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A beginner track day changed everything for me on the street. I posted earlier with a different theme. I'm pretty aware on the street and have seen enough oil, sand, gravel and such on paved corners to not be crazy out there. But I'll encourage anyone to do a basic track day at a race track. You learn what the bike can do and you'll be amazed at what it and you can do if you wish. It helps you stay in your lane when the corner is sharper than anticipated and many other things to improve your street riding.
 

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A beginner track day changed everything for me on the street. I posted earlier with a different theme. I'm pretty aware on the street and have seen enough oil, sand, gravel and such on paved corners to not be crazy out there. But I'll encourage anyone to do a basic track day at a race track. You learn what the bike can do and you'll be amazed at what it and you can do if you wish. It helps you stay in your lane when the corner is sharper than anticipated and many other things to improve your street riding.
Did a track day on my '85 GL1200 Limited. Got a lot of looks from everyone when I pulled into the track. Had already done a suspension upgrade so I was confident that it would do well. Had a great time, and learned a lot about me and the bike. Hooked one of the corner pylons once and felt the rear tire lift then settle back down. Straightened up, rode off the course and caught my breath. Next few laps were a bit slower. Very fortunate the bike didn't decide to lay down. The track gods were looking out for me that day.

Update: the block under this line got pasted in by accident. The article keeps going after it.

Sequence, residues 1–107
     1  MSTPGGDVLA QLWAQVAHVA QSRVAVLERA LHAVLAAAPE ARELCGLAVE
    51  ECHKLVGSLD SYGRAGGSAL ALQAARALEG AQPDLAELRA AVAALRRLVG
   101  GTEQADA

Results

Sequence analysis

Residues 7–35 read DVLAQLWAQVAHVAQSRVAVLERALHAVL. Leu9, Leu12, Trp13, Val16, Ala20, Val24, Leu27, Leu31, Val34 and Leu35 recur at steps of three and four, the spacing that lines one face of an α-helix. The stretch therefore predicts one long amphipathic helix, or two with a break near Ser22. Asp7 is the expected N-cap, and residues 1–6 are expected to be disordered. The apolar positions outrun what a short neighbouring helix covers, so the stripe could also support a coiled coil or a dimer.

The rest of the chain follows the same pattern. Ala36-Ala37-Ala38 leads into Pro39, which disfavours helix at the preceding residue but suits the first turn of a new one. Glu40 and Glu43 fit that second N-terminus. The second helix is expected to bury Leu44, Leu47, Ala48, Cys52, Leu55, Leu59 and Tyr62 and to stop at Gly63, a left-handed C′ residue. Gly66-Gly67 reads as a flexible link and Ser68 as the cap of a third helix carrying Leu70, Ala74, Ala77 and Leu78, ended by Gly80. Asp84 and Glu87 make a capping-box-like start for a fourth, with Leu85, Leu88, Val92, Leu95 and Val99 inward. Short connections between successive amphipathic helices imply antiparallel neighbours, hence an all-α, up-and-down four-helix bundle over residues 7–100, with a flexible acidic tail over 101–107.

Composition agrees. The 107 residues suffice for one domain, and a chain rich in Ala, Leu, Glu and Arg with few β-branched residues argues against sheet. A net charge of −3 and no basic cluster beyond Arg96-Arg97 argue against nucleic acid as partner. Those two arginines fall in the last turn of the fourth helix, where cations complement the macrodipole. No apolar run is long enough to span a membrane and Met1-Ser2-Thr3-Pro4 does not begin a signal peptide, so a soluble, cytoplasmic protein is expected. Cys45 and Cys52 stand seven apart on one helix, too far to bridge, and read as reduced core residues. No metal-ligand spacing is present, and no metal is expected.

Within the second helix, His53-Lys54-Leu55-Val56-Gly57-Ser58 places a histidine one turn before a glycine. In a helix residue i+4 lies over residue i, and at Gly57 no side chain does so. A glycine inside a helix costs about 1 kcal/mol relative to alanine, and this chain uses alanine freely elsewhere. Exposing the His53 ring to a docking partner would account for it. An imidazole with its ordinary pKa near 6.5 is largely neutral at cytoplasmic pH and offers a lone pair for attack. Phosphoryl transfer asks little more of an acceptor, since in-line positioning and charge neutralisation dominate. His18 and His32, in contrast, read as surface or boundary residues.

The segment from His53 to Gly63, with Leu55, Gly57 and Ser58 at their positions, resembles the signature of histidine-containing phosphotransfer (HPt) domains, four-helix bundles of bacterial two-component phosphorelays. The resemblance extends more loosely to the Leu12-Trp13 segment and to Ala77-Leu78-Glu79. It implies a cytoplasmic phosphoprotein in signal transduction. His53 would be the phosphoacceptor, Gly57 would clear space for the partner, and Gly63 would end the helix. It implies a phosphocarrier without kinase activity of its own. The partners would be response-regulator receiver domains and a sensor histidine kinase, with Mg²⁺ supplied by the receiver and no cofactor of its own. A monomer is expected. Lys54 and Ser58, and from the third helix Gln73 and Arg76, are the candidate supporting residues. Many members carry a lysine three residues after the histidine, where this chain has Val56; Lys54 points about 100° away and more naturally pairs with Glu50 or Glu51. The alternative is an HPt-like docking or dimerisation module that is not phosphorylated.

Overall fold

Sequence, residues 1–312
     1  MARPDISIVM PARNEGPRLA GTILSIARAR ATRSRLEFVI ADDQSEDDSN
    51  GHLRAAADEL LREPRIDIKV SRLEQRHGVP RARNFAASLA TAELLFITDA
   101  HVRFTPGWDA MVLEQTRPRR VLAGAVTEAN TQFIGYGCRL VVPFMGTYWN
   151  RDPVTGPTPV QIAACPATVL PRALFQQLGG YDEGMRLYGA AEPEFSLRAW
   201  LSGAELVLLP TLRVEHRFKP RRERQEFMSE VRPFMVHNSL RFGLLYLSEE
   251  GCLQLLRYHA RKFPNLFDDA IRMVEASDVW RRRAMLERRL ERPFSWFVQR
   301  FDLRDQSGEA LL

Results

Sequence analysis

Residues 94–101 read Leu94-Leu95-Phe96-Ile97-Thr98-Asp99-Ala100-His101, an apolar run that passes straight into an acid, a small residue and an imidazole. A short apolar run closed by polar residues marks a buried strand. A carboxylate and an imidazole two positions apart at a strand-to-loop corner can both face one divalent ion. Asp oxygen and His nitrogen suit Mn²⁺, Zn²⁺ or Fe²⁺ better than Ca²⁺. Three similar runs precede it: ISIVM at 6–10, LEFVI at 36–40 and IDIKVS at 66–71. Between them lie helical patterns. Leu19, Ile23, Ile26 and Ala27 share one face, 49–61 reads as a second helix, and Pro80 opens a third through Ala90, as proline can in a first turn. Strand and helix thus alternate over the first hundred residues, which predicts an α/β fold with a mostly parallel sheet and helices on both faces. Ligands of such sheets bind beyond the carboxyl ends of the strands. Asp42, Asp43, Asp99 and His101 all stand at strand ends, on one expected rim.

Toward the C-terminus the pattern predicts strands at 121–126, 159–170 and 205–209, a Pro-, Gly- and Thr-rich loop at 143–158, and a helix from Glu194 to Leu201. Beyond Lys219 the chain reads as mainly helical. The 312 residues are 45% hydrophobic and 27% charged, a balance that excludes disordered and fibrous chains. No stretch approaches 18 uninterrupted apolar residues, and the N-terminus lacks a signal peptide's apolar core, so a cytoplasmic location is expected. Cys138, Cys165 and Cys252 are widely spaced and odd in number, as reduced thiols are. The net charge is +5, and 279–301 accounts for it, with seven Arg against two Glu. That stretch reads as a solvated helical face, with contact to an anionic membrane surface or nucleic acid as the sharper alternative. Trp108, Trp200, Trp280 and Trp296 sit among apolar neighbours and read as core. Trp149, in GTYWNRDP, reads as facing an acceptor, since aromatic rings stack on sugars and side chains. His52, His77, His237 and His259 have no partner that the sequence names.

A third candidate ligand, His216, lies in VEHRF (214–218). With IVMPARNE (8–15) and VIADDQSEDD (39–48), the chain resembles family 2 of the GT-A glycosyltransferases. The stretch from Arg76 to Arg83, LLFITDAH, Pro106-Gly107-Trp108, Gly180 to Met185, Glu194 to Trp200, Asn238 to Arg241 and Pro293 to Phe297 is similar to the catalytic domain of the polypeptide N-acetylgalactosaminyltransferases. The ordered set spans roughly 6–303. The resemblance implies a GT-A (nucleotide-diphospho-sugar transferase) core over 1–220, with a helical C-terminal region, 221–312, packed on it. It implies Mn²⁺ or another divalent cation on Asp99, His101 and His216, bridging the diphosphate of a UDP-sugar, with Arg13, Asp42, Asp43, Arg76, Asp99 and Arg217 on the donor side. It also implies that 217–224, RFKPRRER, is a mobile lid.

When I went on a Total Control course by Lee Parks, he was the lead facilitator and gave the intro. He mentioned that all bikes are very well designed, will do everything you can think of, some better than others, but all bets are off once we get on them. Another course I went on, asked the lead instructor if he ever rode student bikes to demo. He mentioned he did so I gave him the keys to my 2008 Suzuki C90T. He dragged the pegs, did u-turns and figure 8s without a problem. He mentioned that he had never rode this make/model before, and told me that the bike will do the course, he wasn't sure about the owner. Had a great time on the course.

Just a few thoughts.

Cheers
 

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MSF course (discounted insurance!!), but the really fun one I took was Rawhyde off-the-pavement course (geared towards BMW owners but you can bring your own bike).... That one was so fun and now I always keep knobbier tires on the bike "just in case" I find trails or forest service roads etc to go on. So fun!!!
 

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2015 DL650
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I do enjoy taking courses and practing in a parking lot. All the classes have been very educational and fun. The most memorable are RawHyde and the Track Day. RawHyde is Disneyland for motorcyclists, basically an all inclusive motorcycle course - awesome instructors and you meet riders from all over US. The track day because I never thought I do it, and taught me how to important brakes are while cornering.

SuperBike coach cornering classes 1-3
Intermediate MSF course
Track-day
RawHyde Intro
American SuperCamp